Stacey (prettybooks)'s Reviews > Love, Aubrey

Love, Aubrey by Suzanne LaFleur
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Jan 15, 14

bookshelves: read-after-university, read-in-my-twenties, childrens-fiction
Read from May 21 to 27, 2012, read count: 1

I read Eight Keys last year and I absolutely loved it. It was my first foray into children's literature for a little while and I adored the way Elise's story was told — through discovering a key that leads to unlocking eight rooms in her family's barn — and so I did not hesitate to read Suzanne LaFleur's début novel, Love, Aubrey.

Love, Aubrey is a heartbreakingly realistic tale of an 11-year-old who suddenly loses her father and younger sister Savannah in a devastating car crash. Aubrey wakes up not long after the tragic accident and discovers that her mother is not at home, and it looks like she's never coming back. Aubrey's determined to survive on her own with TV, cheese and crackers, and her new pet fish Sammy, because if she faces the truth too quickly, she won't be able to bear it.

Aubrey's emotional transition throughout the novel is slow but noticeable. The story takes place over a few months and we watch as she tries to come to terms with the drastic changes in her life, and frequently has watery flashbacks of the way her family used to be. Suzanne LaFleur is unafraid to show that Aubrey is depressed. Aubrey isn't sad, she isn't unhappy, she's going through something much deeper and traumatic. Suzanne LaFleur does this in a subtle yet purposeful way, which I think is hugely important as a child isn't simply going to say 'I'm depressed'. I also loved how the adults were supportive and not submissive. They recognised that Aubrey was not going to 'snap out of it'. Instead, Aubrey deals with the situation in her own way as she writes letters to her sister's best friend Jilly, and in ways suggested by those that care for her, such as her grandmother giving her 'to do' lists every day.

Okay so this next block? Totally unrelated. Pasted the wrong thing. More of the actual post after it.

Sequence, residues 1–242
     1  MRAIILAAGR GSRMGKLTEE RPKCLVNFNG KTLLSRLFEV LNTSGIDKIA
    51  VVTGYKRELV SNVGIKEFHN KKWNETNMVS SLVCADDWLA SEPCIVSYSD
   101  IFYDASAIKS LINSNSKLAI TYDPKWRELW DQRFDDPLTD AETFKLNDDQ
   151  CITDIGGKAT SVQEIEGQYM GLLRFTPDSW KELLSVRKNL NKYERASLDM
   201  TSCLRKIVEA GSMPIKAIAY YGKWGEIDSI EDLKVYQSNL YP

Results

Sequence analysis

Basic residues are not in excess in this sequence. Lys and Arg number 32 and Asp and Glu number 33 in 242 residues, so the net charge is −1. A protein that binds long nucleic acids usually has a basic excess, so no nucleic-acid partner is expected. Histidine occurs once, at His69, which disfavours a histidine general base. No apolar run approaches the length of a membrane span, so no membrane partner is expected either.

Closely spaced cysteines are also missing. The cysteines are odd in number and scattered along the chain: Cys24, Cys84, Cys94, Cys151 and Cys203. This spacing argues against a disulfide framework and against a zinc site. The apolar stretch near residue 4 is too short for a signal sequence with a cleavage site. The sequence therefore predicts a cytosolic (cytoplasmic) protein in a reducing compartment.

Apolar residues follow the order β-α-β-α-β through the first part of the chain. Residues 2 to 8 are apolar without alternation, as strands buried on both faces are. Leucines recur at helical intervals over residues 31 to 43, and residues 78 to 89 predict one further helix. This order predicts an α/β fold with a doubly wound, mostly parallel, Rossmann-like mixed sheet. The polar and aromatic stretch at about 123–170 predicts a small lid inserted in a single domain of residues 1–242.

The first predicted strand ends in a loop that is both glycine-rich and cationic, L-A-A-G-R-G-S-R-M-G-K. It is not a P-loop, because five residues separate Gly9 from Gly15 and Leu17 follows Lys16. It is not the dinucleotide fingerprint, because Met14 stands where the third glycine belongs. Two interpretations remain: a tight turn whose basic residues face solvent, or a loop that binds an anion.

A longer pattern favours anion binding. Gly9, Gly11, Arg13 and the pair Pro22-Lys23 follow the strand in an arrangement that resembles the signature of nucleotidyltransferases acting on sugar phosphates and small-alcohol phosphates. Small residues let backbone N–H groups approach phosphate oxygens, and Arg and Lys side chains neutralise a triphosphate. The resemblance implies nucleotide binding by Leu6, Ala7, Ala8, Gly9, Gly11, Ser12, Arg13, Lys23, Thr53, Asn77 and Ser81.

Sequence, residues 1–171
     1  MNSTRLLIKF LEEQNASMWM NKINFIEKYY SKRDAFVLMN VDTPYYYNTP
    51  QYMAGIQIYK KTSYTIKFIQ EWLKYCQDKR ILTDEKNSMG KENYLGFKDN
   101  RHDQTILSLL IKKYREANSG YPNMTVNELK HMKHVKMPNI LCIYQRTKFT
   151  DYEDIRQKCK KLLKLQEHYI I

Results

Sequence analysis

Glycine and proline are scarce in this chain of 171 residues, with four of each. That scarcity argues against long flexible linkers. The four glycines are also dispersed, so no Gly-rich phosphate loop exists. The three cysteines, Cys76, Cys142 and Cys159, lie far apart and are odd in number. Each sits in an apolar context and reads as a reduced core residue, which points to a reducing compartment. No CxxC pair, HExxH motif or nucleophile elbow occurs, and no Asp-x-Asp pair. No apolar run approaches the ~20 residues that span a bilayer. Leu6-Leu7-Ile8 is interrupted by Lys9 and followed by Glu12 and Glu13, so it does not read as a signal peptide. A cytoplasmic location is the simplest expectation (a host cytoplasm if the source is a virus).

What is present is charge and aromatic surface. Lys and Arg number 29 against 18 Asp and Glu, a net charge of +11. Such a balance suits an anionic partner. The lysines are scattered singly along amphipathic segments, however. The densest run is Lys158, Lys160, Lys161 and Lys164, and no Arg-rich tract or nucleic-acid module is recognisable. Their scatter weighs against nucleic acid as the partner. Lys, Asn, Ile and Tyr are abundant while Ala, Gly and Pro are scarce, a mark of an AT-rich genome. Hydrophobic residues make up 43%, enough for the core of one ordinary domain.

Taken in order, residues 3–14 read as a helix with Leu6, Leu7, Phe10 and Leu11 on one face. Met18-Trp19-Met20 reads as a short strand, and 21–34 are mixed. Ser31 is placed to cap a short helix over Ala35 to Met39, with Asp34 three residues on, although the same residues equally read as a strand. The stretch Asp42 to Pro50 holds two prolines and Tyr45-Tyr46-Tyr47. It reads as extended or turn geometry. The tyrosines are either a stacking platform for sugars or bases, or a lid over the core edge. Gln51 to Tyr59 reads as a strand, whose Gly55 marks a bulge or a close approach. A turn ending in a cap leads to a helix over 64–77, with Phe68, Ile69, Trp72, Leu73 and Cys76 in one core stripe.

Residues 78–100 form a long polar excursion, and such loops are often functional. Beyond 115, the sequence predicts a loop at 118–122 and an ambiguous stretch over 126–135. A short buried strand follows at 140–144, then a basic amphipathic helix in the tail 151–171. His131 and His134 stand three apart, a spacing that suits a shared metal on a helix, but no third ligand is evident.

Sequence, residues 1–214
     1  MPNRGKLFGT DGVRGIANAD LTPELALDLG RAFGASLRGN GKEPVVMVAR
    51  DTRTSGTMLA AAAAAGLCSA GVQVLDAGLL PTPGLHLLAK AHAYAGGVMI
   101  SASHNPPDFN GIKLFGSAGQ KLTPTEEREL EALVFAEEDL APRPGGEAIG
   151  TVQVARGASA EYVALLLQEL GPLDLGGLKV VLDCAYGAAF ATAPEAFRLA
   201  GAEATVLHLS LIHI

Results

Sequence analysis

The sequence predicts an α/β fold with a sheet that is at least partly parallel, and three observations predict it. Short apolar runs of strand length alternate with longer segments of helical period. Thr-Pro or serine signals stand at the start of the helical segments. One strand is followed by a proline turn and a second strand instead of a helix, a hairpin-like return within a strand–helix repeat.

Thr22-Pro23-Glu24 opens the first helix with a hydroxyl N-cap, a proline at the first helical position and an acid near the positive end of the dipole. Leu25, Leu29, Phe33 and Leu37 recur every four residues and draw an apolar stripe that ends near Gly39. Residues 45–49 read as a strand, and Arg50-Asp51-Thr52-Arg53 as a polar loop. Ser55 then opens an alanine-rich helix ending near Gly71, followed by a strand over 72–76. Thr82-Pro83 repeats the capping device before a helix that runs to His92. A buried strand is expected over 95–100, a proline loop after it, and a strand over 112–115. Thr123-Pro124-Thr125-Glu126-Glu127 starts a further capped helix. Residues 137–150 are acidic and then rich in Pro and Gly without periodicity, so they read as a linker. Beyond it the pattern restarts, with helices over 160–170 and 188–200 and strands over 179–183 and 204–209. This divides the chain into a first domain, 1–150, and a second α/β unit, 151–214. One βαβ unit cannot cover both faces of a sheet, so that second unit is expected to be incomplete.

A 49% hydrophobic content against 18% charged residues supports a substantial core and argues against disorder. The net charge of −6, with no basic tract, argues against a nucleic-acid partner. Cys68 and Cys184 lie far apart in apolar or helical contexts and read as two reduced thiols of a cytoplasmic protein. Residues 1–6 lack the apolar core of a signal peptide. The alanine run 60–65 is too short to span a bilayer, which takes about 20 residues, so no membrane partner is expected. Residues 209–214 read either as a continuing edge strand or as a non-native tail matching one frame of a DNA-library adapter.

Love, Aubrey is an important reminder that children's books aren't just for children, a poignant story about grief and consoling. It's not a book you 'enjoy', per se. Instead, you'll become deeply invested in the well-being of this little girl, richly understanding every emotion and thought running through her head. Suzanne LaFleur has a talent for understand children's experiences — and how they can be both very different, and very like, the experiences of adults — and I look forward to seeing who she endeavours to tell the story of next.

Thank you Puffin for providing this book for review!

I also reviewed this book over on Pretty Books.
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